Game of the Year 2019! The best Blockbusters!

5 mins read

Awards by the DDNet Team

It’s that time of year again, where we look back at the year that was, and pick our top three games across a host of categories! As with years past we’ll reveal one award winner per day, and this year we’ve got a massive 17 different awards to share out. It was a difficult process to choose the winners this year! While 2019 might not have had quite as many spectacularly big blockbuster releases as years past, the quality of games that were released with far less fanfare than they deserves is truly incredible. 
It’s hard not to get excited about the latest big blockbusters. The marketing behind the game creates the hype, and the investment in visuals, voice acting, soundtracks and the rest make sure that we know that we’re getting a premium product from the first screenshots that we see. And, of course, these are the games that come from the big studios and recognised names.

Often blockbusters lack the depth and artistic integrity that the indie games do, but this year we’ve been a bit spoiled, with game creators being able to throw everything – all the production work and teams of developers – behind personal, artsy projects of their own. The result has been one of the most exciting and interesting years for blockbuster that we’ve seen yet.


The Outer Worlds (Read our review here)

Some call it a spiritual successor to Fallout New Vegas. We personally saw some Mass Effect heritage in there, but however you cut it, The Outer Worlds well exceeded anyone’s expectations going in. Not only is this game truly gorgeous, and one of the rare blockbusters to be willing to eschew the grim “realism” that so dominates the space, but it’s also a game with a sharp, biting sense of humour, and its target? Individualism and capitalism themselves. Ayn Rand will be rolling in her grave over this game and… well, good. Rand deserves to be spinning for all eternity.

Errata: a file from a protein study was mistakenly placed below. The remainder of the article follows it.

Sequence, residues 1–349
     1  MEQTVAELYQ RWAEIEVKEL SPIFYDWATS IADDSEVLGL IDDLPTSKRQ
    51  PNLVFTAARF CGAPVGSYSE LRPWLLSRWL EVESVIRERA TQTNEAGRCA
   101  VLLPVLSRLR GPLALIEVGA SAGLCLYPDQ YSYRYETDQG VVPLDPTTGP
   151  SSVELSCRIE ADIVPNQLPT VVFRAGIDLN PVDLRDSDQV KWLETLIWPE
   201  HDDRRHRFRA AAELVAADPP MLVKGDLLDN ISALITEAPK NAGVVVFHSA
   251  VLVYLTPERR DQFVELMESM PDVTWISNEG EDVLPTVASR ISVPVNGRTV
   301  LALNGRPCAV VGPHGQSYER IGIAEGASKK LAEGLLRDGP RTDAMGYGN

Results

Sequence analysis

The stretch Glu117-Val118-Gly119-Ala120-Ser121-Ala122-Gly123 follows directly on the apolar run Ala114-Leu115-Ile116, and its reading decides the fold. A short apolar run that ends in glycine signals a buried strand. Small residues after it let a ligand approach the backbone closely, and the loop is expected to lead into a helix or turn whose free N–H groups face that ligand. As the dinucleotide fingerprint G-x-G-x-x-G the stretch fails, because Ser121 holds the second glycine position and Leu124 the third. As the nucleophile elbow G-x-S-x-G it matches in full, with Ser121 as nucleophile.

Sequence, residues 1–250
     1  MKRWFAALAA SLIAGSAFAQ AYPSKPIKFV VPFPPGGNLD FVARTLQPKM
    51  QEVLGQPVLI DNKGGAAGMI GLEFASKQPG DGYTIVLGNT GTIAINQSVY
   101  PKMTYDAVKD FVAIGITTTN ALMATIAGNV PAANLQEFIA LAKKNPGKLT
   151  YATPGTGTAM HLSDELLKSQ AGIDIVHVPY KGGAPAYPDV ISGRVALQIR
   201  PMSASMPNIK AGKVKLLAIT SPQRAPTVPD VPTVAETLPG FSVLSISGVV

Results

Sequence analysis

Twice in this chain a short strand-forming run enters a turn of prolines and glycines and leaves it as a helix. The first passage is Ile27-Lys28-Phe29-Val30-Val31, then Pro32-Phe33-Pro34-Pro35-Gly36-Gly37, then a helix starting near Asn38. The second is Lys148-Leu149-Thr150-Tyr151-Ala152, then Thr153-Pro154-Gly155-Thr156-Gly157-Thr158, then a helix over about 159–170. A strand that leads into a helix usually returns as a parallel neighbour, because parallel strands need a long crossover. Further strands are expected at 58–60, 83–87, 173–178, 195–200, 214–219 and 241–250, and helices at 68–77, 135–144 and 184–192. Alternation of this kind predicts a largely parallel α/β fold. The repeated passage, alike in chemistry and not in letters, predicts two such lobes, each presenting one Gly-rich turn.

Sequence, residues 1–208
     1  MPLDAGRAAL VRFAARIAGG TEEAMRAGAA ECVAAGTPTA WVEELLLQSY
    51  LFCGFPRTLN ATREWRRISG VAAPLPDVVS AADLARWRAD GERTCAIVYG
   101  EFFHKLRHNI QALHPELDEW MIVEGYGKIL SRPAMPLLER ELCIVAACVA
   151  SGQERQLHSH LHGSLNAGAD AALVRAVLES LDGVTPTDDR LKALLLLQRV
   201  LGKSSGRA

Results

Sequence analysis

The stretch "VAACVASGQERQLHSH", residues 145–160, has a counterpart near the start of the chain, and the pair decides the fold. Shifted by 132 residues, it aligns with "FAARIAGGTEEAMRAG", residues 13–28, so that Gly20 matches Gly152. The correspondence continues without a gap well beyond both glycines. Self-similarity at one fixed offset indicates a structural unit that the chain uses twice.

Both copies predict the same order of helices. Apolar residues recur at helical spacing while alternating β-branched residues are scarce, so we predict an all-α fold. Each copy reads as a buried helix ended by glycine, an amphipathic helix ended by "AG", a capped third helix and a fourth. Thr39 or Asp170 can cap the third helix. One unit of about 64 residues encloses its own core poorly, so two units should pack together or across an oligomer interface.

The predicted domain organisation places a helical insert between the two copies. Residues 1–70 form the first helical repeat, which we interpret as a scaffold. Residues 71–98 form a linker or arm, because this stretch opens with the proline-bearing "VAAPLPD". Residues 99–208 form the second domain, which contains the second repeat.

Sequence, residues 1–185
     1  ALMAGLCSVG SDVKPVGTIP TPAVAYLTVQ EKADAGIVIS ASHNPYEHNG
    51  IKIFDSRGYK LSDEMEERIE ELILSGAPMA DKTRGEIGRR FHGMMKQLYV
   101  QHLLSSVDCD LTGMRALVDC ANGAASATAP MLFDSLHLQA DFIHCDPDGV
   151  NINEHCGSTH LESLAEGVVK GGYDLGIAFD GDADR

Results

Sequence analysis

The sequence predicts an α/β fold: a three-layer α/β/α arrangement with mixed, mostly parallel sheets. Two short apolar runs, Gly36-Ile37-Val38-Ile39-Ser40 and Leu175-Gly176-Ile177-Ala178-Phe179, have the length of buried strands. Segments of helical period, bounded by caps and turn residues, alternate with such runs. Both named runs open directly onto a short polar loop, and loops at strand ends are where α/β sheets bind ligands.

This is a personal anecdote from Editor-in-Chief Matt here. Many years ago I read Mark Z. Danielewski’s horror masterpiece, House of Leaves, and for the longest time I had no idea that this book was actually popular. Turns out that “popular” is an understatement. House of Leaves is a phenomenon of modern horror, but it was also written in such a way that I just assumed that it could never be turned into a film or video game. Its complexities don’t lend itself to visual media. So leave it to the folks at Remedy to prove it can be done. Control is blatantly inspired by House of Leaves, and does a magnificent job of capturing that enthralling sense of sinister surrealism that made the book such a page turner.


Death Stranding (Read our review here)
Kojima went and did it. The guy behind the Metal Gear Solid series broke free of Konami and every inhibition he ever had. The result? A “walking simulator” that is simultaneously a deep deconstruction of American nationalism, a social critique on the superficiality of technology-driven relationships, and the most pristine example of absurdist philosophical theory that we’ve seen in video games yet. Death Stranding is the video game answer to Beckett’s Waiting for Godot, it’s a genuine masterpiece, and it was only possible because Kojima is one of the very few true auteurs that can command big budgets to realise his vision. Bravo to Sony for actually backing this one – something so completely uncompromising is always a massive financial risk.

Stay tuned for the next award tomorrow!

– DDNet Team

This is the bio under which all legacy articles are published (as in the 12,000-odd, before we moved to the new Website and platform). This is not a member of the DDNet Team. Please see the article's text for byline attribution.

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